Consider this scenario:

  1. User ssh into a system and does whatever he/she wants.
  2. Then schedules a shutdown using:

    sudo shutdown -h +1
  3. Finally closes the ssh session

Now /run/nologin has been created and no one can login anymore, but something comes up and we want to ssh back to the system before it goes down.

Is it possible to remotely cancel the scheduled shutdown when we are not permitted to login any more?

3 Answers 3


Beside of using "root" account to make a new ssh connection, we can actually use PAM to allow specific user or groups logging in.

PAM configurations of sshd are located at: /etc/pam.d/sshd which are in responsible of what you are looking for.

By editing this file and using pam_succeed_if.so we can allow specific user or group to login even when /run/nologin exists on machine.

pam_succeed_if.so is designed to succeed or fail authentication based on characteristics of the account belonging to the user being authenticated or values of other PAM items. One use is to select whether to load other modules based on this test.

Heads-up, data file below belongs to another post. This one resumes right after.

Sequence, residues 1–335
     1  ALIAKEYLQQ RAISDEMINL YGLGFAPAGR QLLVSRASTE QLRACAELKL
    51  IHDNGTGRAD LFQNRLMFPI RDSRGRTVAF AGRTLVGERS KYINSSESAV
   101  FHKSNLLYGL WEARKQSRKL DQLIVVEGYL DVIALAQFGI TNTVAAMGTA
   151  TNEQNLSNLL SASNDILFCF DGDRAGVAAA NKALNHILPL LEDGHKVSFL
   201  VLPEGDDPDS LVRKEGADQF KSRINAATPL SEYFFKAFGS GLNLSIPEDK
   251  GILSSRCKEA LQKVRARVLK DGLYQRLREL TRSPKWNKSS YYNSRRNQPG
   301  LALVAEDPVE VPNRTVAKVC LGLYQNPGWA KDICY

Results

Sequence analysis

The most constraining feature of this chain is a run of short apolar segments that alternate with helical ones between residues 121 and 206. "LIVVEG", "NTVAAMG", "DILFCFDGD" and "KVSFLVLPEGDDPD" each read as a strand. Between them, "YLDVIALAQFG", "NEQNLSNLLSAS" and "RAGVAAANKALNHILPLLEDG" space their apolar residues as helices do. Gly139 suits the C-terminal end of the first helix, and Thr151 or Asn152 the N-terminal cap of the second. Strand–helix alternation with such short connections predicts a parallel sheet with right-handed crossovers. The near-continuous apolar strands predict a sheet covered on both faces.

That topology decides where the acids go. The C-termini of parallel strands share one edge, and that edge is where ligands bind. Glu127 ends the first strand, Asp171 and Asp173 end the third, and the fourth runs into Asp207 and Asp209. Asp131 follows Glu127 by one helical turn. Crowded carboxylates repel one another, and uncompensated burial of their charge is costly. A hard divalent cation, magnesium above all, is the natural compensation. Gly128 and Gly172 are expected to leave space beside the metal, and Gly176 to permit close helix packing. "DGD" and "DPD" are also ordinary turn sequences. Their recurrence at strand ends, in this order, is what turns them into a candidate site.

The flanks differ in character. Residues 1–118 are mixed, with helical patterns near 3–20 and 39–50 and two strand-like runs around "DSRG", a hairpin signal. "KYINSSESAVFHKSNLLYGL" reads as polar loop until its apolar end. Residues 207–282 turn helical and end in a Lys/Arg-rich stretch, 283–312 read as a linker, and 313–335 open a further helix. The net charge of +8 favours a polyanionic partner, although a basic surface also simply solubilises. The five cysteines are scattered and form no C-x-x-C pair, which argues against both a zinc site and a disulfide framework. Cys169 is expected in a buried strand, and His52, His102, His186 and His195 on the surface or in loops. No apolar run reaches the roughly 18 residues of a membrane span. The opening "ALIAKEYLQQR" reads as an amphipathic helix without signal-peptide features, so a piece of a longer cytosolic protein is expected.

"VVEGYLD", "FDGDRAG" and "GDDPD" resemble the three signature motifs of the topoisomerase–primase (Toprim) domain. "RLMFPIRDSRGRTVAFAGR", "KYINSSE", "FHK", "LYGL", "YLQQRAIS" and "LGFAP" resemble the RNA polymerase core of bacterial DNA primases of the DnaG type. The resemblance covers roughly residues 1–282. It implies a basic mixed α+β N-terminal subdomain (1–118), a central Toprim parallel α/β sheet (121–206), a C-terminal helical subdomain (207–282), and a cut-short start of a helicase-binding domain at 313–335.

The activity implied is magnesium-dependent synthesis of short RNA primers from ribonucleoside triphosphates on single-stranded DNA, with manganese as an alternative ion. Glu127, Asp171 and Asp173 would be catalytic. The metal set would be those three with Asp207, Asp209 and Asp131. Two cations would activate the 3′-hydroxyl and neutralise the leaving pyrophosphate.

So we use it to detect whatever we should load pam_nologin.so module or not based on your username or user-group.

Open the file using your favorite text editor:

$ sudo vi /etc/pam.d/sshd

And find these lines:

# Disallow non-root logins when /etc/nologin exists.
account    required     pam_nologin.so

Add this line between them:

account  [default=1 success=ignore] pam_succeed_if.so quiet user notingroup sudo

So now the lines should look like this:

# Disallow non-root logins when /etc/nologin exists.
account  [default=1 success=ignore] pam_succeed_if.so quiet user notingroup sudo
account  required     pam_nologin.so

Now users who are in sudo group can login even when /run/nologin exists.

And to allow a specific user:

account [default=2 success=ignore] pam_succeed_if.so quiet user != username

For more flexible conditions checkout:

man pam_succeed_if

If root can remotely login to the system, nologin is ignored. However, most sane admins will not permit root to directly login remotely, in favor of an authorized user logging in and using sudo. If the latter is not the case, however, root can log in and abort the shutdown.


The nologin is ignored for user root. So you could use SSH to connect as root, but you probably have a distribution that doesn't allow root logins by default. You can create a SSH key and place it in ~root/.ssh/authorized_keys, then you can login with that key as root.


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